I’m a big believer in the Laffer Curve, which is the common-sense proposition that changes in tax rates don’t automatically mean proportional changes in tax revenue. This is because you also have to think about what happens to taxable income, which can move up or down in response to changes in tax policy.
The key thing to understand is that incentives matter. If you raise tax rates and therefore increase the cost the engaging in productive behavior, people will be less likely to work, save, invest, and be entrepreneurial. And they’ll figure out ways to engage in tax avoidance and tax evasion to protect the interests of their families. In other words, taxable income will be lower because of higher tax rates.
Likewise, people will be more willing to earn – and report – taxable income if tax rates are reduced.
If you don’t believe me, look at this incredible data showing how the rich paid for more money after Reagan slashed their tax rates.
This doesn’t mean that “tax cuts pay for themselves.” That may happen in rare circumstances, but the real issue is the degree of “revenue feedback.”
For some types of tax changes, such as lowering tax rates on the “rich,” the revenue feedback may be very large because they have considerable control over the timing, level, and composition of their income.
In other cases, such as providing a child tax credit, the feedback may be very small because there’s not much of an impact on incentives to engage in productive behavior.
This doesn’t necessarily mean one type of tax cut is good and the other bad. It just means that some changes in tax policy produce revenue feedback and others don’t.
Even leftists recognize there is a Laffer Curve. They may argue that the “revenue-maximizing rate” is very high, with some claiming the government can impose tax rates of more than 70 percent and still collect additional revenue. But they all recognize that there’s a point where revenue-feedback effects are so strong that higher rates will lose revenue.
Actually, let me rephrase that assertion. There is a small group of people in the nation who claim that there’s no Laffer Curve. But that’s no surprise, the world is filled with weird people. Some genuinely think the world is flat. Some think the moon landings were faked. You can probably find some people who actually think the sun is a giant candle in the sky.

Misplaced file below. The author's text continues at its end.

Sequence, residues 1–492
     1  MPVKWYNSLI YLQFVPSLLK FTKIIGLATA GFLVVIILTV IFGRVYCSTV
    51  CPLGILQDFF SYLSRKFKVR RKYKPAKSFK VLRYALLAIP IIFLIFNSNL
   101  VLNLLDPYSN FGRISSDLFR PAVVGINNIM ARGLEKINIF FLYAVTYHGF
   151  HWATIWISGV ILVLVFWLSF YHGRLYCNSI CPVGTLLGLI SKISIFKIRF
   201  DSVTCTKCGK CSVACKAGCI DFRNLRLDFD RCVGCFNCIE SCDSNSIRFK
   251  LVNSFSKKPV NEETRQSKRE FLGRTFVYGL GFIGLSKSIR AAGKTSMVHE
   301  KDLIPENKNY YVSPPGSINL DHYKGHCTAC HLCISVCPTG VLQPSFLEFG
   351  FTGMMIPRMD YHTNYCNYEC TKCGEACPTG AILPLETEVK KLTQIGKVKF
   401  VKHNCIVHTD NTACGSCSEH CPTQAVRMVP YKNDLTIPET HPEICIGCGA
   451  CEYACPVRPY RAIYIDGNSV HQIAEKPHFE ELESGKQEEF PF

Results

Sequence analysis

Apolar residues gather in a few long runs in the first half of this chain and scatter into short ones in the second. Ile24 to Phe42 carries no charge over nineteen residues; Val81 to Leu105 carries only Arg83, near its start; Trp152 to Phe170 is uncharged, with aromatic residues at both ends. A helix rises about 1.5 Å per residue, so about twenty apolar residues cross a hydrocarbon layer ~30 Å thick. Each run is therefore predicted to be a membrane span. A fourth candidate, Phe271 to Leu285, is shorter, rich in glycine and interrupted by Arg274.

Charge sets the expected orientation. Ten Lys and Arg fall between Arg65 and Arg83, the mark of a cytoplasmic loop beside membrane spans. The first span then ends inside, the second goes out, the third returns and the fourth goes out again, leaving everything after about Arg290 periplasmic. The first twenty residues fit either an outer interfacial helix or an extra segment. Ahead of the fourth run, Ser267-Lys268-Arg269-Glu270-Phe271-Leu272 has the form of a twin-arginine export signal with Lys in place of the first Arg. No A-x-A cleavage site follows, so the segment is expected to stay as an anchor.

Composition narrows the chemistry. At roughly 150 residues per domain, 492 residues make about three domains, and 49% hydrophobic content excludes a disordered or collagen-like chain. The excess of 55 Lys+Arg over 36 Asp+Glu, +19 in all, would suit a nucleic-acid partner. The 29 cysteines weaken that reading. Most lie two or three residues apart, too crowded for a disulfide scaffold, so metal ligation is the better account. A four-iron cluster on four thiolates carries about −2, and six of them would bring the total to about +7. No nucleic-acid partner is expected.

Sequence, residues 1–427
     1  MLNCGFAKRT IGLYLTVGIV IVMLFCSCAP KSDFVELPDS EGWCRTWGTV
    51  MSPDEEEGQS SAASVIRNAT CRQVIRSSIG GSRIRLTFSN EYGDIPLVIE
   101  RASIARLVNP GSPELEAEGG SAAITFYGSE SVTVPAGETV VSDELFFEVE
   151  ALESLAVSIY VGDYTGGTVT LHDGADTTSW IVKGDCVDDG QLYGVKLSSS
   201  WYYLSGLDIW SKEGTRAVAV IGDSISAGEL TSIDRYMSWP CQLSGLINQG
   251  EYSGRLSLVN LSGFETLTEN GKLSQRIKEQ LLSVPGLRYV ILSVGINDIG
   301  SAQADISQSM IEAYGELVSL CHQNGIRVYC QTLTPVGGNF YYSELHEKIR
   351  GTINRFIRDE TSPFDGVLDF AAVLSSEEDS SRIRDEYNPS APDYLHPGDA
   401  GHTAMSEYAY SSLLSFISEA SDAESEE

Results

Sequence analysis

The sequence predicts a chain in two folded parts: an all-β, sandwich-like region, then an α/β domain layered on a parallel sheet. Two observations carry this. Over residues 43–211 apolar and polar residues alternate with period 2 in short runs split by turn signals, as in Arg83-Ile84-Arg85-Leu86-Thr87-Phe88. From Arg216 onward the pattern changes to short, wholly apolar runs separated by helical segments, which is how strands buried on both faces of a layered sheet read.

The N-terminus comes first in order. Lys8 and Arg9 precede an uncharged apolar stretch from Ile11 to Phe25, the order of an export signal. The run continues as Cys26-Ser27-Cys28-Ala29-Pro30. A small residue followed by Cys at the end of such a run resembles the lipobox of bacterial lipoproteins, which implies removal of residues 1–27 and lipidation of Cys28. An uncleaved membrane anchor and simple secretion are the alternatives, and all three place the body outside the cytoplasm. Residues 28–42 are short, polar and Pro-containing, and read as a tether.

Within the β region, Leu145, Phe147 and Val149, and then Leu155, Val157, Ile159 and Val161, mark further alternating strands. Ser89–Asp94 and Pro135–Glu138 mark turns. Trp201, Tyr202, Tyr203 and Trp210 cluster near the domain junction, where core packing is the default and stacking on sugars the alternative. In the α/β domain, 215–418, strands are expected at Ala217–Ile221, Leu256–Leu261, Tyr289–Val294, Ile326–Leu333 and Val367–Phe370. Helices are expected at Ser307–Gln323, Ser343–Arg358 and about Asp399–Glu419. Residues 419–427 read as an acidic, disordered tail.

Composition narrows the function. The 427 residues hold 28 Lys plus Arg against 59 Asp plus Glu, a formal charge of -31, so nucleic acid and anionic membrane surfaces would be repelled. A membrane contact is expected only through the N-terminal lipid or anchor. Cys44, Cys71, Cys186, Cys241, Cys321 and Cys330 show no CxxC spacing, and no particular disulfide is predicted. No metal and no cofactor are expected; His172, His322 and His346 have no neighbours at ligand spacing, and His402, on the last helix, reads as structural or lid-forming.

But what is surprising is that this small cadre of anti-Laffer Curve fanatics are at the Joint Committee on Taxation, which is the group on Capitol Hill in charge of providing revenue estimates on tax legislation.
They aren’t completely oblivious to the real world. They do acknowledge some “micro” effects of changes in tax rates, such as people shifting between taxable and non-taxable forms of compensation. But they completely reject “macro” changes such as changes in economic growth and employment.
So if we replaced the nightmarish income tax with a simple and fair flat tax, the JCT would assume no impact of GDP or jobs. If we went the other direction and doubled all tax rates, the JCT would blithely assume no change to the economy.
To give you an idea of why this is an extreme view, I want to share some polling data. Last week, I spoke at the national conference of the American Institute of Certified Public Accountants. As you can imagine, this is a crowd that is very familiar with the internal revenue code. They know the nooks and crannies of the tax code and they have a good sense of how clients respond when tax policy changes.
Prior to my remarks, the audience was polled on certain tax issues.
Some of the answers disappointed me. By a narrow margin, the crowd thought it would be a good idea if the overall tax burden increased. But here’s the response that fascinated me the most. The audience was asked what could be described as a Laffer Curve question. Specifically, they were asked, “Do you believe the growth potential of marginal tax rate cuts could lead to some degree of revenue feedback, even if not enough to be self-financing?”
They had four possible responses. Here’s the breakdown of their answers.
These are remarkable results. A plurality (more than 36 percent) think the Laffer Curve is so strong that lower tax rates are self-financing. Even I don’t think that’s the case. Another 23.5 percent of respondents think there are very significant feedback effects, meaning that lower tax rates don’t lose much money.
There were also 18.6 percent who thought there were some Laffer Curve effects, though they thought the revenue feedback wasn’t very significant.
Less than 15 percent of the crowd, however, agreed with the Joint Committee on Taxation and said that lower tax rates have no measurable revenue feedback.
Why am I sharing this information? Well, we’re going to have a big debate in the next month or two about President Obama’s proposed class-warfare tax hike on investors, entrepreneurs, small business owners, and other rich people.
Supporters of that approach will cite Joint Committee on Taxation numbers to claim that the tax hike will generate a big pile of money.
That number will be based on nonsensical and biased methodology. In an ideal world, opponents will mock that number and expose the JCT’s primitive approach.
For additional information, here’s Part III of my video series on the Laffer Curve, exposing the role of the Joint Committee on Taxation.
If you want to see Parts I and II, click here.
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